Methamphetamine Addiction Recover the Life You Deserve

Methamphetamine Addiction

A Quick History of Meth

Amphetamine was first synthesized in a German chemical lab in the late 19th Century. A few decades later, Japanese scientists developed a process for making methamphetamine, which was much more potent and easier to produce.

During World War II, German soldiers used meth so they could fight longer and stay alert without rest. Some soldiers who used the drug could go without sleep for days at a time. However, the soldiers reported feeling exhausted for days after the drug wore off. In some cases, the soldiers became violent and attacked members of their own units.

By the 1950s, legal methamphetamine was readily available to everyday Americans as an inhaler and in tablet form. It was widely prescribed for depression and obesity and commonly used by athletes, students, and long-haul truck drivers.

To fight growing meth abuse and addiction, the United States banned the use of injectable meth in 1970 with the Controlled Substances Act. Today, doctors can still legally prescribe methamphetamine for ADHD and severe obesity, though it is rarely used in this capacity. Most meth consumed in the U.S. today is used illegally.

If you or a loved one are struggling with an addiction to methamphetamine, call SOBA New Jersey today to learn how we can help you.

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What is Meth?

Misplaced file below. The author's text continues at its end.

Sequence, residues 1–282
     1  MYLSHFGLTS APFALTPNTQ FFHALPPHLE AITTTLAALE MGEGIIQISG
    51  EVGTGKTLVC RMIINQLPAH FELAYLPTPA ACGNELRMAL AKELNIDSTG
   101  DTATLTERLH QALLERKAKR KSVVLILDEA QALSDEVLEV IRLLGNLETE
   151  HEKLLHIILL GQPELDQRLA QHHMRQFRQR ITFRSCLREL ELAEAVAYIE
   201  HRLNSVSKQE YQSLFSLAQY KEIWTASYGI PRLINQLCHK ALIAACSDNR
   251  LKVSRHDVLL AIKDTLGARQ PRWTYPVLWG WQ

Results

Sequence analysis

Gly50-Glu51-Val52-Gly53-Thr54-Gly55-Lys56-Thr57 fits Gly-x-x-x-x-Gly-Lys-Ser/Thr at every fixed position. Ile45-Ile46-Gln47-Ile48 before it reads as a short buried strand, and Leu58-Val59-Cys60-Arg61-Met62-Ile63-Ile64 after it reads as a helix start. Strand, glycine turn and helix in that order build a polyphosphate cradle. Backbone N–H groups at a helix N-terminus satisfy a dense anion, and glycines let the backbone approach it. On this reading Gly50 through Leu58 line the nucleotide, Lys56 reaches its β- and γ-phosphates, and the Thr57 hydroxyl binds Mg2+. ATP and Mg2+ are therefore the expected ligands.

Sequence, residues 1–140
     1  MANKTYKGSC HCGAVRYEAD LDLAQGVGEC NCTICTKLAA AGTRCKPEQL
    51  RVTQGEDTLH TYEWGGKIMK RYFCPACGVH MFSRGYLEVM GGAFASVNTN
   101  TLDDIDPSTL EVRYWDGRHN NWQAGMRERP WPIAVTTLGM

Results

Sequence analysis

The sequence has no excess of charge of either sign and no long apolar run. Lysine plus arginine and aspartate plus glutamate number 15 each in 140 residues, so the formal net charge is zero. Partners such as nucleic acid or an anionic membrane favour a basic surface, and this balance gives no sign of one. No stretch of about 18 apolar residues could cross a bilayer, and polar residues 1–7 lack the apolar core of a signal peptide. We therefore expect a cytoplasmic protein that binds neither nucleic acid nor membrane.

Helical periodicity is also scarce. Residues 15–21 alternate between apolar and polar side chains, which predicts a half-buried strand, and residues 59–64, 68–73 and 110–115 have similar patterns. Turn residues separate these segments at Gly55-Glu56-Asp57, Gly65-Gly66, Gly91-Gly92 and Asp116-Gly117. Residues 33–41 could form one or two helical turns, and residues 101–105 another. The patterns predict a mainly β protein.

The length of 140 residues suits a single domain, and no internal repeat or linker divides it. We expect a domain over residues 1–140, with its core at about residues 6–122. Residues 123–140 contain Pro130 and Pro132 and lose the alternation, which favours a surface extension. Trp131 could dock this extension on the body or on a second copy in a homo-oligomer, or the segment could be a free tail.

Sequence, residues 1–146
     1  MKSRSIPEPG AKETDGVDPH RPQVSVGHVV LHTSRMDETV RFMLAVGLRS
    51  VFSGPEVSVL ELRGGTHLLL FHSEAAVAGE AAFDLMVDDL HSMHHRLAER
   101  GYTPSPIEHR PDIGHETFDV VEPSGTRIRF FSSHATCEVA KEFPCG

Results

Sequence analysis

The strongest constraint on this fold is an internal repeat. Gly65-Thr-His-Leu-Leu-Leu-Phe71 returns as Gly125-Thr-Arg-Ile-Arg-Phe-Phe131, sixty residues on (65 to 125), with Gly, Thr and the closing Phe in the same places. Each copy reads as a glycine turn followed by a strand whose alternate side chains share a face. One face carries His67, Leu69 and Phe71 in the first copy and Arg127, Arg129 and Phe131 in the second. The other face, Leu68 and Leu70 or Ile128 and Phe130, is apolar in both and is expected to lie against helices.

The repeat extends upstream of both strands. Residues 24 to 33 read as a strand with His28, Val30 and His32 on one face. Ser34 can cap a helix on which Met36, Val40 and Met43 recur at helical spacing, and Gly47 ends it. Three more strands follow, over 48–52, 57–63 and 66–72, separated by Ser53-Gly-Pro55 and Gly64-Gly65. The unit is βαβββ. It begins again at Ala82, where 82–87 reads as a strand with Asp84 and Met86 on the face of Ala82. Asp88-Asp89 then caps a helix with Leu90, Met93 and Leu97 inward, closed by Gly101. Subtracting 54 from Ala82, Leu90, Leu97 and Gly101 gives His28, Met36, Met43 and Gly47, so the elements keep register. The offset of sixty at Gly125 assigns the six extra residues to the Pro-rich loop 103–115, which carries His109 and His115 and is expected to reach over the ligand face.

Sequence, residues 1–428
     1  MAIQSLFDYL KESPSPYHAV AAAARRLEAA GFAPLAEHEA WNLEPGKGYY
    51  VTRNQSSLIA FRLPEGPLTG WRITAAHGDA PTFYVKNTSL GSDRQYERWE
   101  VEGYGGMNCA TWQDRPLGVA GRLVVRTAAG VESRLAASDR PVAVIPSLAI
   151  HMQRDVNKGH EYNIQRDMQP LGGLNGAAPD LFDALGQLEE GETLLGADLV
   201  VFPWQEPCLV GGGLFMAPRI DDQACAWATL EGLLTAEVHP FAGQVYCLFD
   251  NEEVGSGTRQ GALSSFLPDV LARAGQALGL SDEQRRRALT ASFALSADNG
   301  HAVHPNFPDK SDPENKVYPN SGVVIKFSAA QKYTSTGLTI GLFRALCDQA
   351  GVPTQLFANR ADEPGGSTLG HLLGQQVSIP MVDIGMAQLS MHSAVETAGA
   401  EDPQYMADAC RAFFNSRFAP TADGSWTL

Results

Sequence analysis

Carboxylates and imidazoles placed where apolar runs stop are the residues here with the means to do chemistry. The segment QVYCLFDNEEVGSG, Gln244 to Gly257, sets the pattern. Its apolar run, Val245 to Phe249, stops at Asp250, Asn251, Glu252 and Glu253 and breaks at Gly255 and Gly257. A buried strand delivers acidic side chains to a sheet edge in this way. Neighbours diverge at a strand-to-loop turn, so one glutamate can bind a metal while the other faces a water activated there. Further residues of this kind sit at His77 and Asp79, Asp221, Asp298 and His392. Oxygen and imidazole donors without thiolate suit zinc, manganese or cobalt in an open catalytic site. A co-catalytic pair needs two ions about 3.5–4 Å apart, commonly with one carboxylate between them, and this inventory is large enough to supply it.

Methamphetamine or just “meth” is an illegal psychostimulant that is highly addictive and damaging to the body. Meth is illegally made using a mixture of harmful ingredients, such as household cleaners, forms of amphetamine, and cold remedy ingredients. One of the many reasons why meth is so dangerous is that it can be made with any number of other chemicals, such as drain cleaner and antifreeze.

Street names for crystal meth include the following and more:

  • Ice
  • Glass
  • Crank
  • Wash
  • Cotton candy
  • Tweak

How is Meth Used & Abused?

Most people smoke meth in a glass pipe, but users can also snort, inject, or ingest it. Smoking or injecting methamphetamine speeds up the release of the drug into the body and is also more addictive, so these are the two most common ways it is used. If a loved one might be using meth, then you will need to keep an eye out for drug paraphernalia like pipes and syringes.

Effects of Meth Use

Methamphetamine is a stimulant, so it immediately gives the user increased energy and alertness, followed by a painful or agonizing crash. The effects of meth tend to last about 6 to 8 hours, but they can go as long as 24 hours depending on the individual’s genetic makeup, the amount taken, and the frequency of use. People recovering from meth addiction often share how they enjoyed the rush of positive feelings in the beginning. As they continued to use meth, however, their lives and their health fell apart.

A large or potent dose of meth can cause immediate cardiorespiratory complications, including heart failure or seizures. Call 911 if someone is overdosing on meth and let the dispatcher know that meth was used.

Neurological & Behavioral Effects